The world’s most popular sport has had a rough year. The Fédération Internationale de Football Association (FIFA) corruption scandal continues to spin off news stories, with a recent New York Times article indicating longtime FIFA president Sepp Blatter gave himself a raise only days after some of his colleagues were arrested. Lionel Messi, arguably the world’s best soccer player, was found guilty of three counts of tax fraud and sentenced to 21 months in prison, according to Forbes. However, 21 months is considered a light sentence in Spain, where Messi was convicted. Light sentences typically receive probation rather than jail time, so it seems unlikely Messi will be behind bars.
These aren’t individuals scratching by to make ends meet, so how does this make sense given what we know about the Fraud Triangle? To quote my colleague, Rand Gambrell, in a recent blog post:
One cornerstone of fraud theory is the “Fraud Triangle,” which theorizes that, for a fraud to occur, three elements must be present:
- A perceived need or financial pressure facing an individual
- A perceived opportunity to commit fraud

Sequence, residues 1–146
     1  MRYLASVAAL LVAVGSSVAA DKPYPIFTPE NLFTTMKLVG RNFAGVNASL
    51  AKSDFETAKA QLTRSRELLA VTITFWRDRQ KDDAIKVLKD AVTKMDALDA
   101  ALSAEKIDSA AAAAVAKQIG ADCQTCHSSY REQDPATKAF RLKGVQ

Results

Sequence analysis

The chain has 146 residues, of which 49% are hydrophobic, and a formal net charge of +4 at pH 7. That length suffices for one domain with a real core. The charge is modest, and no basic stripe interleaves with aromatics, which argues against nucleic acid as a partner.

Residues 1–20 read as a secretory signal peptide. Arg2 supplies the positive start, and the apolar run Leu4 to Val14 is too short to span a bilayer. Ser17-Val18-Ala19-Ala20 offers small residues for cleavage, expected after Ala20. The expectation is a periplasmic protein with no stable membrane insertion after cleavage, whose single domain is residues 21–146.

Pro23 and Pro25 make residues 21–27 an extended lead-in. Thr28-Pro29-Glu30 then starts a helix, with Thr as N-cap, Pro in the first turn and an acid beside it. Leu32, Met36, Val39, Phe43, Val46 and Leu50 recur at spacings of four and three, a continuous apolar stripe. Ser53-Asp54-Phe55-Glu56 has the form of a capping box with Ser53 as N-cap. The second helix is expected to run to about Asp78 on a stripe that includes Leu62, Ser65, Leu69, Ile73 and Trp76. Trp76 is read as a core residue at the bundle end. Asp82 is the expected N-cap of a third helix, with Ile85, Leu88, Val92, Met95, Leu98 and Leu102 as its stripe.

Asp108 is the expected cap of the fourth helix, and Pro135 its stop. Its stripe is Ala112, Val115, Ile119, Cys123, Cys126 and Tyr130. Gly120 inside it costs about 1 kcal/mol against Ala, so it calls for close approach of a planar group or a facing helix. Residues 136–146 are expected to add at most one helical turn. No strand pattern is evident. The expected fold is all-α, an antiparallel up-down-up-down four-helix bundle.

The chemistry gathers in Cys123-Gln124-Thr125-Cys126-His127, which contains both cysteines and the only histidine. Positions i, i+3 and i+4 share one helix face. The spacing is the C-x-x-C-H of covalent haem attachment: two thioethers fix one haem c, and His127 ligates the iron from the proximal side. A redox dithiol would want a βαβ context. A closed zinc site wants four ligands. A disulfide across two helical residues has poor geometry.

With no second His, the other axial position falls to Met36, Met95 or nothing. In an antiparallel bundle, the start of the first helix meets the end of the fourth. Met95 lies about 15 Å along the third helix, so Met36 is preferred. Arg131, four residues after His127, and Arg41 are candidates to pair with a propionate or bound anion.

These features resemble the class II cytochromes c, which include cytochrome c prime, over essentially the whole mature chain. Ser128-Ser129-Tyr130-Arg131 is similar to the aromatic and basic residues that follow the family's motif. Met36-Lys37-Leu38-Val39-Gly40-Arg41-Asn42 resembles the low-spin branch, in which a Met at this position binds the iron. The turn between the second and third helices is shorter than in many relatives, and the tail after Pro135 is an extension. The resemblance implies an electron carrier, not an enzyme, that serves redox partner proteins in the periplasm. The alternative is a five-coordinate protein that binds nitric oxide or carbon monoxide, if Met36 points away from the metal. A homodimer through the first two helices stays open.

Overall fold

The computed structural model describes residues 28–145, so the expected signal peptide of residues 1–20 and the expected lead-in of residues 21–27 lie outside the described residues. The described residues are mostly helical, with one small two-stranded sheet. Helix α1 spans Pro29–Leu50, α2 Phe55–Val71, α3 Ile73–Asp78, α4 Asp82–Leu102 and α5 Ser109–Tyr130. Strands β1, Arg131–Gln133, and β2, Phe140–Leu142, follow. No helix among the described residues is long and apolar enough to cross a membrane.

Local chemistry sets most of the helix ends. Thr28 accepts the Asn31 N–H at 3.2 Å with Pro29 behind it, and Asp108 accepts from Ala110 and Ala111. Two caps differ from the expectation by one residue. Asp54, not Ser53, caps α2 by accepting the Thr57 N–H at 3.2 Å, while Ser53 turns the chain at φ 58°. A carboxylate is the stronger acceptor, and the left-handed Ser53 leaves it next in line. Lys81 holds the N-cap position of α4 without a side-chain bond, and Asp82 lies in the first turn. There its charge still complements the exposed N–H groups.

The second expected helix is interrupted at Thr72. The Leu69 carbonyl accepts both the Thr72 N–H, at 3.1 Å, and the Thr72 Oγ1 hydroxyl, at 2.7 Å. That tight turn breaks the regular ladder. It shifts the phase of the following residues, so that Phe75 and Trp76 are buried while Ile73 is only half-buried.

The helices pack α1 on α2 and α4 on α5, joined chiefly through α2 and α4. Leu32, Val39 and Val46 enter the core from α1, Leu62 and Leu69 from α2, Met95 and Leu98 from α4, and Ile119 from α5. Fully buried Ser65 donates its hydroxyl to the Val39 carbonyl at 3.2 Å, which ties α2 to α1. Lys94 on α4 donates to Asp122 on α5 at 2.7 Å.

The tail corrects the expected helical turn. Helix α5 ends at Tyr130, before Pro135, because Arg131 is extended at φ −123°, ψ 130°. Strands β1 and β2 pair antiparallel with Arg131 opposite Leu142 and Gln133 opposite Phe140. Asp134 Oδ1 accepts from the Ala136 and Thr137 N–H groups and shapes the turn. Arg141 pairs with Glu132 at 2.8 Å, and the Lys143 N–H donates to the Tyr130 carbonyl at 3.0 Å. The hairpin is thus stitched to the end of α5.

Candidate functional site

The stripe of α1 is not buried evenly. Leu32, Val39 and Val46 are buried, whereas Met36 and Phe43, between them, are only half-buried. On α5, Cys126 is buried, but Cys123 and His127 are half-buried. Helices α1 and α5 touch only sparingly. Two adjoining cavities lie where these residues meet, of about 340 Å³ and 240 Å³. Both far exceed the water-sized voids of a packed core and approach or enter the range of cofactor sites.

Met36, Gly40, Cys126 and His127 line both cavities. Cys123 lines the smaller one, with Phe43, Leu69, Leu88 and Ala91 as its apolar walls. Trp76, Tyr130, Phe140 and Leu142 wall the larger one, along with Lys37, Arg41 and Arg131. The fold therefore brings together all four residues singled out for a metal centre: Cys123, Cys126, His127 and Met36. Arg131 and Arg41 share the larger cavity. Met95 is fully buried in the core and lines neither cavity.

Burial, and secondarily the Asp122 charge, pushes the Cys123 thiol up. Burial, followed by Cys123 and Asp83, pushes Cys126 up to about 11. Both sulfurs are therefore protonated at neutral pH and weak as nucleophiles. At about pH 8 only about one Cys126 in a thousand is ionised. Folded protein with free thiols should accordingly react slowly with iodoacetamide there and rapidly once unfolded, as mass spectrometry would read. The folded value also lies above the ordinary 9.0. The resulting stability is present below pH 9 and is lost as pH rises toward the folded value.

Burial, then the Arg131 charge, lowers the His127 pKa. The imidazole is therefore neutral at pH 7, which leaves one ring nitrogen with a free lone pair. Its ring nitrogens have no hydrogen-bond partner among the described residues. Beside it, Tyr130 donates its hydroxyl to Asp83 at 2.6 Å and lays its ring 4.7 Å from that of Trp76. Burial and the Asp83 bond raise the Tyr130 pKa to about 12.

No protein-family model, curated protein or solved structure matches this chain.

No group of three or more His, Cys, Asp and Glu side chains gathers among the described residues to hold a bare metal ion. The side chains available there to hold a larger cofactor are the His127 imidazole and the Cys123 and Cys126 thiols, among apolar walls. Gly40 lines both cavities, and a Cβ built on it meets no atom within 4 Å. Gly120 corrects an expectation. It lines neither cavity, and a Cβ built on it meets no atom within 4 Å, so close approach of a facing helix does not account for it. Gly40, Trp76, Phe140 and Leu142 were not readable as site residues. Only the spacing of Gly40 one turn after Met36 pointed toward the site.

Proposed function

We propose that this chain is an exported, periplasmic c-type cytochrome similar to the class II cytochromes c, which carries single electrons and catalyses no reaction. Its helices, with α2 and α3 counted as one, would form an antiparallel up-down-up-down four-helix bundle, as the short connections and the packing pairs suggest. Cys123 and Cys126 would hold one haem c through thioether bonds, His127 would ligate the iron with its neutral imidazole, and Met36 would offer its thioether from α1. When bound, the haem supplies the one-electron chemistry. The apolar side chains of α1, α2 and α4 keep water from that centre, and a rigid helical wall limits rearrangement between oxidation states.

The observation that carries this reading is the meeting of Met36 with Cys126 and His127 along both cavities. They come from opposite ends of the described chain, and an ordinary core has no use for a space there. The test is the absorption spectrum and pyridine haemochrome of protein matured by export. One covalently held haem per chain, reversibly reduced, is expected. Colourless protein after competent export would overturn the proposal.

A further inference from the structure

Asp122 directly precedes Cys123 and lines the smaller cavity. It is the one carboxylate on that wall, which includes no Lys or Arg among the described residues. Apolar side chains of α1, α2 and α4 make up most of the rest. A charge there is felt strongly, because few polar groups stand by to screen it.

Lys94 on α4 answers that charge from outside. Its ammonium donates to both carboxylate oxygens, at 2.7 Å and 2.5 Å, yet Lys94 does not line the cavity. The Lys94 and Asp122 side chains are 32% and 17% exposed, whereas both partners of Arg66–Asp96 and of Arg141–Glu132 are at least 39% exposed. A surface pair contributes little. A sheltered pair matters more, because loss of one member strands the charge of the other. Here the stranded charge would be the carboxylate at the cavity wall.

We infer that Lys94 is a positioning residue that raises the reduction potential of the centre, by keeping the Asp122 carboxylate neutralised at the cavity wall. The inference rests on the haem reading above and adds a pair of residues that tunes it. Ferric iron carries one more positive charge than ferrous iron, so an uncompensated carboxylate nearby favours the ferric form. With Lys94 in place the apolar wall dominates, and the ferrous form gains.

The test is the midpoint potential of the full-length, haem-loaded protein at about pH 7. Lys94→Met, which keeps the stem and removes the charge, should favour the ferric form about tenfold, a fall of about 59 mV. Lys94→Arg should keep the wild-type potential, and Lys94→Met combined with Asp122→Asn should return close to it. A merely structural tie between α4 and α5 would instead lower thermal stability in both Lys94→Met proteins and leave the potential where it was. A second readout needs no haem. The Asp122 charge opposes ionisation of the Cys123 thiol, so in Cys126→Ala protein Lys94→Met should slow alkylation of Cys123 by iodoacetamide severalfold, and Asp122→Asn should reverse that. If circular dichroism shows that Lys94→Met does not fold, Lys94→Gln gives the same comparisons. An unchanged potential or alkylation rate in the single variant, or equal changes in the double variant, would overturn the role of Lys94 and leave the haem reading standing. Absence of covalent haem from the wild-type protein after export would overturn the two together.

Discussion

- The individual’s ability to rationalize or justify fraudulent behavior
Rand focused on the rationalization component, but I’ll focus on perceived need or financial pressure.
Must you have a perceived need or financial pressure to commit fraud? You generally do, but consider the word “perceived.” While it’s hard to believe there’s any real financial pressure on Blatter and Messi, people live in their own reality. Individuals may perceive themselves to be under financial pressure. Maybe they have many relatives and friends who depend on them or expect certain things. Maybe they run with a crowd that judges them if they don’t own a 100-foot yacht. This is important because if you’re conducting an internal investigation where you suspect fraud in your organization, and you look to the Fraud Triangle for answers, it might be easy to remove suspects just because you perceive no financial need. However, they may perceive their needs and/or pressures in a much different light.
Don’t assume that just because individuals appear to have it made, they have zero propensity to commit fraud. You could say Blatter and Messi had it made, and they still allegedly committed fraud.